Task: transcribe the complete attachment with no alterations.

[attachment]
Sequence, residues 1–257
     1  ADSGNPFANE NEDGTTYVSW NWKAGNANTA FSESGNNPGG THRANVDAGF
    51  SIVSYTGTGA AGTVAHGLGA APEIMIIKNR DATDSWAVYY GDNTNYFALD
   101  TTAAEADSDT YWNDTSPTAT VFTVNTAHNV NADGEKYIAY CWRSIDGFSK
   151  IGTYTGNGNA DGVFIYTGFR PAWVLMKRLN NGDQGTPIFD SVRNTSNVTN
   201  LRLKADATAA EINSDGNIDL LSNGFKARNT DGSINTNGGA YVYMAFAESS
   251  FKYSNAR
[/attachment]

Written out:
Sequence, residues 1–257
     1  ADSGNPFANE NEDGTTYVSW NWKAGNANTA FSESGNNPGG THRANVDAGF
    51  SIVSYTGTGA AGTVAHGLGA APEIMIIKNR DATDSWAVYY GDNTNYFALD
   101  TTAAEADSDT YWNDTSPTAT VFTVNTAHNV NADGEKYIAY CWRSIDGFSK
   151  IGTYTGNGNA DGVFIYTGFR PAWVLMKRLN NGDQGTPIFD SVRNTSNVTN
   201  LRLKADATAA EINSDGNIDL LSNGFKARNT DGSINTNGGA YVYMAFAESS
   251  FKYSNAR